The rail line seen here once belonged to the CPR and was their Lomond Subdivision. The section here dates from 1930, and was one of the last prairie branch lines built. Abandoned, save for a stub running from a junction with their Calgary to Lethbridge Line, to just outside Arrowwood, around the turn of the century, the west half of the line is still retained by the CPR for temporary car storage. This makes getting new rail equipment into Aspen Crossing a challenge. They have to time it when there’s no cars on the line, or hope the CPR moves them aside for a time, while they’re delivered. One time they had to truck a locomotive in.

A bit west of Aspen Crossing beside the tracks, is a old trains station, formerly of Unity Saskatchewan. It dates from 1909 and was built for the Grand Truck Pacific. It’s privately owned and sits on blocks for the time being while plans, hopefully, are made to place it somewhere more permanent. Maybe at Mossleigh?

Coming to Aspen Crossing in October is the Train of Terror, a rolling haunted house. We got a sneak peek, but can only share a couple teaser pics. It’ll be fun scary. For adults only, if you’re interested in checking it out, go here: Aspen Crossing (click the Train of Terror icon). Space is limited.

More train themed posts…
Under Wraps.
Class of ’63.
A day with the Battle River Railway.

If you wish more information on what you’ve seen here, by all means contact us!

Date: September, 2016.
Location: Mossleigh AB and area.
Article references and thanks: Aspen Crossing, Jason Thornhill, Canadian Trackside Guides.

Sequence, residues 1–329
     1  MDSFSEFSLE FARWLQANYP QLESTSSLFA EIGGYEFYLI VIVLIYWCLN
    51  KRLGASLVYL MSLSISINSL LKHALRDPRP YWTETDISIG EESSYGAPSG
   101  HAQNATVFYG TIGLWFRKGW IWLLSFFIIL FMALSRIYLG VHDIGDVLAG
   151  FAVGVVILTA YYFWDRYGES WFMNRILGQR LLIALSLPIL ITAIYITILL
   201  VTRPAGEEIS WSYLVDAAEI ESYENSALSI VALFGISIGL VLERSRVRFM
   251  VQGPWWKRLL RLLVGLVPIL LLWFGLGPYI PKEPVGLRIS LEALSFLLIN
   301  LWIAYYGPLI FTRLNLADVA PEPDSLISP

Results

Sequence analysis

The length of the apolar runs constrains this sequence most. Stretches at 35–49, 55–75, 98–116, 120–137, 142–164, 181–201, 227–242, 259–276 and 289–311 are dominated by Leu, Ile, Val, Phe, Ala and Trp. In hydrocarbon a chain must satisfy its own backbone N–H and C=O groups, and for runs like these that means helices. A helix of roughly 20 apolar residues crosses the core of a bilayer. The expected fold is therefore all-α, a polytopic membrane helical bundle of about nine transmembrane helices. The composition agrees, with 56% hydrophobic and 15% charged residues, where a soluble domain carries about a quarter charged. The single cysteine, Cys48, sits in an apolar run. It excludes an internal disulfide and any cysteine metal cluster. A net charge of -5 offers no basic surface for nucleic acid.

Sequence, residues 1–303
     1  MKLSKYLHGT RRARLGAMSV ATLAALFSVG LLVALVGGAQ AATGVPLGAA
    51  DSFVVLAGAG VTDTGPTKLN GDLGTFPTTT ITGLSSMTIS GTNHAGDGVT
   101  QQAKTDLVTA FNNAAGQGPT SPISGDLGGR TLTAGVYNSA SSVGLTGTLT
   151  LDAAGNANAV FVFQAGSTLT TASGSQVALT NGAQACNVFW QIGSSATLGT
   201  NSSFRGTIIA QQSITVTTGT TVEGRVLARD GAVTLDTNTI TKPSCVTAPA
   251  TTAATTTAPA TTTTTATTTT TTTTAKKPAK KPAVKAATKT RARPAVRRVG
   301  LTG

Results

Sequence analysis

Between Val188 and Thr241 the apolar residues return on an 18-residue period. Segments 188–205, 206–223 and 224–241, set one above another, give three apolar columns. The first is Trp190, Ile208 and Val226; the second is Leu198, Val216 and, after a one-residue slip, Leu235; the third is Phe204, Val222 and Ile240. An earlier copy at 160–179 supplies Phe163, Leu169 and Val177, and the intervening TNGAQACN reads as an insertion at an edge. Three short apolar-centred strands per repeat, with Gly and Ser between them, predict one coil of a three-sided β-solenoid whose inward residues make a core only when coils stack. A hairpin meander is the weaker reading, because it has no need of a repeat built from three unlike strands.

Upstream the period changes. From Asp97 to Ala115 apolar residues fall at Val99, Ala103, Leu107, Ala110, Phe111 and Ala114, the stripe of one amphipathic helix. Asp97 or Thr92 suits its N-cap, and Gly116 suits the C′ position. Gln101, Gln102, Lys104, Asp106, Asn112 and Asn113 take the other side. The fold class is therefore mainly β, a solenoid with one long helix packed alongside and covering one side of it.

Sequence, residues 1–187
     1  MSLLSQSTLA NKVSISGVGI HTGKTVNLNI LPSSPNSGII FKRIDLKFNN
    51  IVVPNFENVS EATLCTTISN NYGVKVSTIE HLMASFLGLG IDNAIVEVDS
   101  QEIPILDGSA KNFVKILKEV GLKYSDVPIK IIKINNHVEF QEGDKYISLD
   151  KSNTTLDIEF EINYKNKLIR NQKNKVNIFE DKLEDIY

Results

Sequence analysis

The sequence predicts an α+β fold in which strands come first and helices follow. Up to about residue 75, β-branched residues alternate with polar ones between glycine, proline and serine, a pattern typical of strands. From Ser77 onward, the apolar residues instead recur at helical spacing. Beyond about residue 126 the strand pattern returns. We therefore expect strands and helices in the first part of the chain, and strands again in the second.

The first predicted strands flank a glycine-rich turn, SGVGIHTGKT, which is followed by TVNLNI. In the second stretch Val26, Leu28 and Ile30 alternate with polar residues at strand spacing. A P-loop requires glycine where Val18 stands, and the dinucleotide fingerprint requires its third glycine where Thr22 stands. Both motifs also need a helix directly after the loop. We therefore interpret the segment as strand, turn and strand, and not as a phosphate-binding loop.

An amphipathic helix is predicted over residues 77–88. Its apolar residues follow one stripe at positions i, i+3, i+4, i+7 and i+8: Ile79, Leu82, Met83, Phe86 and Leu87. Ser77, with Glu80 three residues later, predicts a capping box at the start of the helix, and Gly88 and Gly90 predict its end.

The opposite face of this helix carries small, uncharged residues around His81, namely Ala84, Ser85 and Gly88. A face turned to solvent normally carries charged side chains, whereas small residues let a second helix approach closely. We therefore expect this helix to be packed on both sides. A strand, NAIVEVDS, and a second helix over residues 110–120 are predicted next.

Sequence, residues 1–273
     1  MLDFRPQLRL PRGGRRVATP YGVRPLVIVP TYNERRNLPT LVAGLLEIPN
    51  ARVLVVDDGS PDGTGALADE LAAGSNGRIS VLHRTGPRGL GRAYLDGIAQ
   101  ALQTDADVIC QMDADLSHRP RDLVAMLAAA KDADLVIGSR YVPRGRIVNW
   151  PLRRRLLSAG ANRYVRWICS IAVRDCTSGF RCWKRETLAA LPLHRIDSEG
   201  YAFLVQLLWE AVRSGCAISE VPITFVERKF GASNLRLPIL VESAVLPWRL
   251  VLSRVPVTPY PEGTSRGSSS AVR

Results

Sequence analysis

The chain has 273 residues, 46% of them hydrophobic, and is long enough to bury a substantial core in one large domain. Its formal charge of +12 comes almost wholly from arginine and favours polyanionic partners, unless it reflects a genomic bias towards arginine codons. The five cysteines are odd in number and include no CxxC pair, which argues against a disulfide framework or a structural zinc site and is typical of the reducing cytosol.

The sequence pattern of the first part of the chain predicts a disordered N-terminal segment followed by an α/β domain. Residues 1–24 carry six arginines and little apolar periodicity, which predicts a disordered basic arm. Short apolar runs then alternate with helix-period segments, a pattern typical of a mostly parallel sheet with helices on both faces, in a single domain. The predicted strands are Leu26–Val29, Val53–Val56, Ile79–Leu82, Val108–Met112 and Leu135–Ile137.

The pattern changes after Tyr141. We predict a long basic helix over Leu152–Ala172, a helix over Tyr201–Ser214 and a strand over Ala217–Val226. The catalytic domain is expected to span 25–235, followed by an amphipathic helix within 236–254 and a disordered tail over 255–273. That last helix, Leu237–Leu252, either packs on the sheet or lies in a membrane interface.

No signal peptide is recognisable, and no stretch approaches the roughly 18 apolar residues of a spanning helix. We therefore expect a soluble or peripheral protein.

Aspen Crossing Caboose

The caboose brings up the rear.

Farming Alberta

Nearby, it’s harvest time.

Aspen Crossing Robbery

Shady looking characters in this old pickup.

Train Robbers Aspen Crossing

Train robbers!

Train Aspen Crossing

A lonely back road crossing.

Desperadoes Aspen Crossing

The “desperado’s” ride is a beauty – their quarry seen in back.

Aspen Crossing Mossleigh Train

The train moves at a reeeeelaxed pace.

Aspen Crossing Entertainers

Keeping you entertained, on board musicians and magicians.

Aspen Crossing Locomotive

Number #1624 was built in the 1950s.

Locomotive Aspen Crossing

The track used, ex-CPR, dates back to 1930.

Caboose Aspen Crossing

This train’s bound for glory…

Engineer Aspen Crossing

A friendly wave…

Grain Elevators Mossleigh

Drifting into Mossleigh, they’ll stop here for a time.

Aspen Crossing Locomotives

Aspen Crossing outgrew these smaller locomotives.

Aspen Crossing Mossleigh Train Scenes

A few random scenes…

Mossleigh Alberta Train

Blue cars, left, belong to a collector.

Aspen Crossing Dome Car

Elevators date from 1930.

Grain Elevators Mossleigh

The view back from the locomotive.

Mossleigh Alberta Train

With a toot-toot, the train prepares to head out again.

Unity SK Train Station